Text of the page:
While I am sad to see the “fig-season” come to an end soon as there is hardly anything more delicious than a ripe fig, sliced and put into the freezer for ten minutes to be topped with ice- and whipped cream.

Truly hard to beat! They are also delicious on cereal in the morning and in many ways life here concerning food reminds me often of my youth in Germany. Fruits and vegetables were eaten IN SEASON, flavorful and much appreciated. The constant offer of all types of fruits and vegetables in American super-markets may be pretty to look at in their perfection, but all too often I found their taste akin to cardboard, the beauty of the outside cannot be compared to the flavor of freshly picked produce in season. By the way, bananas ripen here year-round and our landlord freely shares his bounty with us refusing to accept a penny. That would be considered an insult. Sharing with friends and neighbors is just a way of life in this part of the world.

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Beach at Agua d'Alto in September

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Weekend cottage hanging like a nest of a bird near Nordeste.

We have been swimming and riding the ocean waves becoming experts by now at avoiding being tossed and are able to enter the ocean as well as get out easily. There are so few people at the black-sand beach in Agua d'Alto it is difficult to believe when you consider that the rest of European beaches are packed with people like sardines in Spain, the Cote d’Azure or all of Italy as well as Greece.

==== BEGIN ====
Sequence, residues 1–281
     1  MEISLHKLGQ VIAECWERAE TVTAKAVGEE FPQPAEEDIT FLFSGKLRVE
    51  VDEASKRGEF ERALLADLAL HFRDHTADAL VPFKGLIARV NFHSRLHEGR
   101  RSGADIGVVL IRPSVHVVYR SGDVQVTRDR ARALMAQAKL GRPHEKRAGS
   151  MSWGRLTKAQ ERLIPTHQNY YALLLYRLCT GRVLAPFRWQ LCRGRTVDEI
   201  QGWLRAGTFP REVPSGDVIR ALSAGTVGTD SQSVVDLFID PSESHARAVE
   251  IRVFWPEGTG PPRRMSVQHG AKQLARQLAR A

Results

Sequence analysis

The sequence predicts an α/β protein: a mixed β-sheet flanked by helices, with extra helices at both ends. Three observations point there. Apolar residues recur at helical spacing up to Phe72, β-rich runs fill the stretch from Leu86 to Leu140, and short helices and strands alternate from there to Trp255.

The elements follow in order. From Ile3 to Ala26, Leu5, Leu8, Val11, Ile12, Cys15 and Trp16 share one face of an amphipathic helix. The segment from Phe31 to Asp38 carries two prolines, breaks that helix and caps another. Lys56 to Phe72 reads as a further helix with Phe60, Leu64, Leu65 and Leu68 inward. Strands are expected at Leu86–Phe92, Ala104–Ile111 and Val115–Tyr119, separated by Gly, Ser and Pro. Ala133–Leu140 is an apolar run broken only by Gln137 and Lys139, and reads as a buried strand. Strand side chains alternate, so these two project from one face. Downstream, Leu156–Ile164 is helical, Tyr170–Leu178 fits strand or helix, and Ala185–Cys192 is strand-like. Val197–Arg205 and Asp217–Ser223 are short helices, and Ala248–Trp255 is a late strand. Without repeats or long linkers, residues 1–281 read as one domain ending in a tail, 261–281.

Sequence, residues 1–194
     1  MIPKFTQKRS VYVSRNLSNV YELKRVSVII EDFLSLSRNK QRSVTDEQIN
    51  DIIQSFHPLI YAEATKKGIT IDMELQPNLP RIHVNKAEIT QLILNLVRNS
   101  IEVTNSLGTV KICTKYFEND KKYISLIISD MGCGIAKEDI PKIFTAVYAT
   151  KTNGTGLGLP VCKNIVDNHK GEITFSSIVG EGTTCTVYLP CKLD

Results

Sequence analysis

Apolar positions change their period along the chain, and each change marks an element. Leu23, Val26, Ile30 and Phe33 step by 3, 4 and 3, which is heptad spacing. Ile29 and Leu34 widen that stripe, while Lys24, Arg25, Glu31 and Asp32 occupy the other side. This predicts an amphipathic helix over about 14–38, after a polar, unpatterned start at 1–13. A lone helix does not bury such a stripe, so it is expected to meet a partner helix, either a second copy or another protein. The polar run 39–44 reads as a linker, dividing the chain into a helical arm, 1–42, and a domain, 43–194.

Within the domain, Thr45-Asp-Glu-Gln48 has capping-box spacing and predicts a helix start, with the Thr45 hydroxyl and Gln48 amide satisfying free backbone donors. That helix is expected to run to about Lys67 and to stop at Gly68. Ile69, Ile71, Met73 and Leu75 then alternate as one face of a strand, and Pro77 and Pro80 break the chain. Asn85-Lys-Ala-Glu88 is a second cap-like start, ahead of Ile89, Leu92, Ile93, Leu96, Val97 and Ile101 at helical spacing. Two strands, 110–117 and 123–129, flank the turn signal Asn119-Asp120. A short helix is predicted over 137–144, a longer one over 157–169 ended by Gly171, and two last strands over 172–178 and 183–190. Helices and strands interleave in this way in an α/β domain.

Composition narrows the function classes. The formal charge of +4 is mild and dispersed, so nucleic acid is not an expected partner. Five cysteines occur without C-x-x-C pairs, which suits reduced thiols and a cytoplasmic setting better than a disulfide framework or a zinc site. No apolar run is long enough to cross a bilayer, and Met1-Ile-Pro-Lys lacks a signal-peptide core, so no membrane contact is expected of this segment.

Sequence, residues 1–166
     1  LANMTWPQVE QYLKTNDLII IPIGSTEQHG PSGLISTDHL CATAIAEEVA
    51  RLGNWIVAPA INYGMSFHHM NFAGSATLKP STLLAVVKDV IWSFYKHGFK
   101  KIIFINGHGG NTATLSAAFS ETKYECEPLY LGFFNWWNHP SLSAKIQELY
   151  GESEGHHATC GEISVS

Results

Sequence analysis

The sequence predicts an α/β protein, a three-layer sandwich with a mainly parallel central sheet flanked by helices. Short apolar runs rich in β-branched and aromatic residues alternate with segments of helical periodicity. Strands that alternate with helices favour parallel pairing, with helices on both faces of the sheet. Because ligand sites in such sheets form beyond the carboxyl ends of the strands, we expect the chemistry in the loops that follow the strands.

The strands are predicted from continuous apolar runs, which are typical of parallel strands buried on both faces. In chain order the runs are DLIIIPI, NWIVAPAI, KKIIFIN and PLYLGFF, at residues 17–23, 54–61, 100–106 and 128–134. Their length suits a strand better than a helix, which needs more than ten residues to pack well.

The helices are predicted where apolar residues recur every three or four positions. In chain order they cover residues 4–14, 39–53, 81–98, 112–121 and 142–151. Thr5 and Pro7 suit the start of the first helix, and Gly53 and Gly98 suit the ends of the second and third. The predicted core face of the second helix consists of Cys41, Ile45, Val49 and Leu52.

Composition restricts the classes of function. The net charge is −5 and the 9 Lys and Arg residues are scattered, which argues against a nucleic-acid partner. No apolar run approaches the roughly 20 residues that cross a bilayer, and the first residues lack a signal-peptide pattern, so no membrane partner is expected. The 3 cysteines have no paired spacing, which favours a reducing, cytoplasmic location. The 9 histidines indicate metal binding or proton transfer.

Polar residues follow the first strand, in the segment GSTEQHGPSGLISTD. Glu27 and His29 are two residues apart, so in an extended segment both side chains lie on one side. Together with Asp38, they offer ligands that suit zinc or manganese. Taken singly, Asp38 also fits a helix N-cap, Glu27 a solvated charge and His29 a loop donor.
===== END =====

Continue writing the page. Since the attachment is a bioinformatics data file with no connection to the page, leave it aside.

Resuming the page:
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Lighthouse at Ponta do Arnel in Nordeste (steepest most demanding curvy road in the world)

But don’t all rush here PLEASE! I have received a lot of inquiries from people in the USA and all over the world as these entries can be found on Azorean sites now. Apparently my entries are most informative as far as the culture and traditions are concerned.So let me tell you that there is little nightlife on Sao Miguel or any of the other islands. Yes, there are cultural events and many of them but the “Disco Crowd” would be most disappointed while fans of classical music, opera and cultural exhibits are delighted, as they are plentiful and if not free of charge, most reasonably priced.
There are many bars and caf?s but those are largely frequented by men only. As a woman, I would feel most uncomfortable in these establishments. There are a few “Gentlemen Clubs” with mostly “hot” Brazilian pole-dancers or whatever in Ponta Delgada, but even their advertisement had to be toned-down. So if you are looking for an active nightlife, don’t expect to find it here unless you are with a group of people and in a restaurant in mixed company creating your own.

Two weeks ago on a Sunday we drove back to Nordeste with the tallest most densely forested mountains. Here the least populated area can be explored on many well-marked hiking trails. This time we went via Povoacao, a lovely spotlessly clean community where we had lunch in a beautiful restaurant right by the ocean. Our target for the day was the famous lighthouse just outside of Nordeste and we descended on foot the steepest and most curvy road I have ever encountered (other than on the island of Saba in the Netherland Antilles) with glorious views on either side.